So, it was with excitement when United announced that the Dreamliner would fly domestically until the summer schedule went in to full effect, at which time the 787s would fly their intended routes, international. It was our chance to fly this magnificent plane. Unfortunately airlineguy Darin couldn’t join me on this adventure (we gotta get him on a 787 soon!).

The first attempt to fly the 787 was a bust! I didn’t make the flight out of Atlanta to make the connecting 787 flight in Houston. Talk about being majorly bummed. Not wanting to take any chances on the second attempt, I flew to Houston the night before and got a hotel room.

So, now here was my dilemma: standby for the early (7a) IAH – ORD flight, or take the mid-morning (11a) IAH – ORD flight. Against everything I know when it comes to standby travel, I chose the mid-morning flight. (@FriendlyStew and @NonRevAdventure I’ll take your advice next time). All seemed fine until I woke up the next morning to find out that the 11a departure had an equipment swap from a 787 to a 757. Oh, the horror! Again, majorly bummed.

I’m an optimist.  I did some research, made some calls, and sent a few frantic text messages. Much to my delight there was a late afternoon (4p) 787 flight from IAH – ORD. With camera in hand, a positive frame of mind, I headed to IAH for a day of people watching and planespotting. Besides getting on the 787, could you ask for anything more entertaining?

In the hours (about 5) spent at IAH here’s what happened:
• took loads of airplane pics
• was fascinated people watching (amazed how each airport has its own “personality”)
• bumped into 3 aviation professionals who attended a customer service training class I helped facilitate (besides being #avgeeks, the airlineguys are aviation consultants specializing in customer service)
• recognized and reconnected with a high school friend who is an RN and who now is a United pilot (I’m still reeling from this chance encounter and so happy to be reconnected with Mark!)

As you can see, my time spent at the airport waiting for the 787 was well worth it. Yes, she was being elusive, but I had come so far and was not about to give up now.

When I received my seat I was beyond excited: window, exit row.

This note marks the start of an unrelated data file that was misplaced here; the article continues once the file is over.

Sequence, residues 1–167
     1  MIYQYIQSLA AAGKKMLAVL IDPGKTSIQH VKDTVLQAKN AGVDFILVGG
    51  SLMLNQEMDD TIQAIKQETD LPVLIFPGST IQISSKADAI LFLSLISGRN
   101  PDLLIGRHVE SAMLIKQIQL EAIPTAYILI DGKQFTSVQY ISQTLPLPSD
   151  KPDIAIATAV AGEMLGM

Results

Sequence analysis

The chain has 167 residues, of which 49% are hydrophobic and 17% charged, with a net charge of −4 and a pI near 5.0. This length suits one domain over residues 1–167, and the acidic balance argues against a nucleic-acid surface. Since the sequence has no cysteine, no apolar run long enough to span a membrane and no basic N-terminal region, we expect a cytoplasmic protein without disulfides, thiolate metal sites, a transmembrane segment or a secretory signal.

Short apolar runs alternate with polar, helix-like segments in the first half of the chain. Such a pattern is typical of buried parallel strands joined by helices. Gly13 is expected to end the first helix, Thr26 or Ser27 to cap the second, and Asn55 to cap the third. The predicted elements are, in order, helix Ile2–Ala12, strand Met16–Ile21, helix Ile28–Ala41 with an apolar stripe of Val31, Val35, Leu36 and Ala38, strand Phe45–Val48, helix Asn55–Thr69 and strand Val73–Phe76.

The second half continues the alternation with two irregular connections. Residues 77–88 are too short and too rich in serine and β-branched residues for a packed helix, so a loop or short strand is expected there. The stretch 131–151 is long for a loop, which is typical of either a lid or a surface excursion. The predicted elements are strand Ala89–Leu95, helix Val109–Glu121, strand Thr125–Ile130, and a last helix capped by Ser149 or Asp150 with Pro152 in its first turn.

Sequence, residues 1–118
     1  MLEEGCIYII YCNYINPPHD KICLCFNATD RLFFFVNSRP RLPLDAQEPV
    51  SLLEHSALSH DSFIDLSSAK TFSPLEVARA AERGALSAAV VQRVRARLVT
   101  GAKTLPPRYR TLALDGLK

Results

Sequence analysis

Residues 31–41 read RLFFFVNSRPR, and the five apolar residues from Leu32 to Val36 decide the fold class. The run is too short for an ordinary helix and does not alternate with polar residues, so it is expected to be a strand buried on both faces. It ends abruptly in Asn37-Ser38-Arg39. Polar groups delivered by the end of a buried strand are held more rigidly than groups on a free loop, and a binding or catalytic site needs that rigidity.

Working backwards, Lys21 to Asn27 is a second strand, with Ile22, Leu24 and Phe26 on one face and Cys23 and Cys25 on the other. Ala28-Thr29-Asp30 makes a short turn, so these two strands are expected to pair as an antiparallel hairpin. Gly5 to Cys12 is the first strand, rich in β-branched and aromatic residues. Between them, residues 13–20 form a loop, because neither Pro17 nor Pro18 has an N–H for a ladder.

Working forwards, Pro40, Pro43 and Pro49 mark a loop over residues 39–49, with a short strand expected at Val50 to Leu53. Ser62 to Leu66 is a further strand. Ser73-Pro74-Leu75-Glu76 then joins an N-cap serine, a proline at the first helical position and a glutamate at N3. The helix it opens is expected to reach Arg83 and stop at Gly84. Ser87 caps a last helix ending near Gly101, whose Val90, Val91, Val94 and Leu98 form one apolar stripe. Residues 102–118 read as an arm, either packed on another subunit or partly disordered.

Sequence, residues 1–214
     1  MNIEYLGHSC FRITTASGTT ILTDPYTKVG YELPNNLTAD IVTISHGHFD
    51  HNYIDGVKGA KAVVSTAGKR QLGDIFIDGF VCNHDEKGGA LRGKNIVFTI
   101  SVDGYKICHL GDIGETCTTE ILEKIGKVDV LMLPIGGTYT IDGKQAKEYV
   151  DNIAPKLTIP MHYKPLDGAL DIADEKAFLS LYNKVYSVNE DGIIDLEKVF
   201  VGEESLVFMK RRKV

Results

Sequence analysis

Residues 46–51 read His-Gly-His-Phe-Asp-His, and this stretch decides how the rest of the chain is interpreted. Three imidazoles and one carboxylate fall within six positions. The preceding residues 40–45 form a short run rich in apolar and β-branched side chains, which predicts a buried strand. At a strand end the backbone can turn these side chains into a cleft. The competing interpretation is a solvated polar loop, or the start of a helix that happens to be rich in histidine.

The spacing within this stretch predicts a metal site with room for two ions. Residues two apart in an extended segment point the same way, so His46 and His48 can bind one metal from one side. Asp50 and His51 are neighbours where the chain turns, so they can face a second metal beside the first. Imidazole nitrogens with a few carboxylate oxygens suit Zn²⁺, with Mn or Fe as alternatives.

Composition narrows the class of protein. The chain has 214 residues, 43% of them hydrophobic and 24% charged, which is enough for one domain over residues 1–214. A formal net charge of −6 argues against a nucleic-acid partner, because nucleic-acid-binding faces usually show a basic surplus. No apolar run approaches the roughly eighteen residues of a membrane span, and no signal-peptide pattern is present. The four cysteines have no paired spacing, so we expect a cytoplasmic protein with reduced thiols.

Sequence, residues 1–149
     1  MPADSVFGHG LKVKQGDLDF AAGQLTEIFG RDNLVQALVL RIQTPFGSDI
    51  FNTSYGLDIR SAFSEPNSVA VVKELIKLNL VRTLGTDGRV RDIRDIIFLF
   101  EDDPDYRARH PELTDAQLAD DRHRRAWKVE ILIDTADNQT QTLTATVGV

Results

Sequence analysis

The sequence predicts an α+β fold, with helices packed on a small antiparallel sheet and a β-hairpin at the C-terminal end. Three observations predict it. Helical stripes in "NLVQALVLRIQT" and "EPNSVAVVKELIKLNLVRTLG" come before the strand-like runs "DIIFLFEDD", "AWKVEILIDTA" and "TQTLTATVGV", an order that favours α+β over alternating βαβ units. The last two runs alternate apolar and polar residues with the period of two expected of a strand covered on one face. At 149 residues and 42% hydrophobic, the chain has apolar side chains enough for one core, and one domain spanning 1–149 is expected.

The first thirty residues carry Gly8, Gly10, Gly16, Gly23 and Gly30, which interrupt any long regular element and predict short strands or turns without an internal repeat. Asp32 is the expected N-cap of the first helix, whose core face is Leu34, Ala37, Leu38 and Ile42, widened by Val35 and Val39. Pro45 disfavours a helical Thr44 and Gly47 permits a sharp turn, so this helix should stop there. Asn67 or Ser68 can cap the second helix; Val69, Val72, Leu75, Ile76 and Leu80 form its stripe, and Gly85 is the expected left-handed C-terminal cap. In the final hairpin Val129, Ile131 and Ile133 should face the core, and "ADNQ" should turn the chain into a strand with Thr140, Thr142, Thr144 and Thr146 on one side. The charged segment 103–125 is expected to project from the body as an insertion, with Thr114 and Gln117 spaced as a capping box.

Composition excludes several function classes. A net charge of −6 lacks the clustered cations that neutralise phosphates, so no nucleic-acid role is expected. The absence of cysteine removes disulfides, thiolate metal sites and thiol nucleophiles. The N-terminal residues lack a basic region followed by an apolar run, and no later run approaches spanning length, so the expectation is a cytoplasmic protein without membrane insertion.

Here are my thoughts on taking my first United 787 flight:

• First impression — gorgeous
• Mood lighting upon boarding —  soothing (there are 6 settings: boarding, meals, relaxing, cruise, sleep, preloading)
• Layout of FC – spacious (this is where I want to be on my next 787 flight!)
• E+ — roomy, relaxing hues of blue and grays throughout the cabin
• Windows — most were darkened already, customers began experimenting with the window “shades”, impressed with how the tint changes from transparent to opaque with the touch of a button, the size of windows (30% larger according to infographic card in seat pocket) was very noticeable — when seated you had an unobstructed view of the horizon (no craning of neck to look up or down)
• Sound — very taken with how quiet this plane was at takeoff and cruise altitude (60% less noise than planes of comparable size), it was so quiet I could clearly hear the crying kid a few rows back, noise-reducing chevrons on engine nacelles contributes to reducing noise levels of the engines
• Wing — loved the wingflex, sliced right through the air even in mild turbulence
• Crew — friendly and efficient, had nice conversation with Edwin who too is from South Florida, and Sandy was kind to take my picture
• Food — ordered the Tapas snack box, Bloody Mary, water, crew were proficient with handheld devices
• IFE — full selection of films, TV, music, moving map, UA services/amenities, a full system reset was completed on at least 2 occasions
• Landed on time, to gate after short delay due to ramp congestion

A special thank you to ticket agent Heather P (great eye contact, smiled, knowledgeable in job duties) and gate agent Ms. Matthews (smiled, accommodating, calming announcements). They made the check in and boarding process pleasant.

Overall, an awesome passenger experience and a wonderful introduction to the Boeing 787! Would love to take a long-haul flight to experience the 787s feature of increased oxygen and humidity of the cabin air (lessens the effects of jet lag we hear). Hint, hint 😉

Thanks United for an awesome experience!

airlineguy Sylvester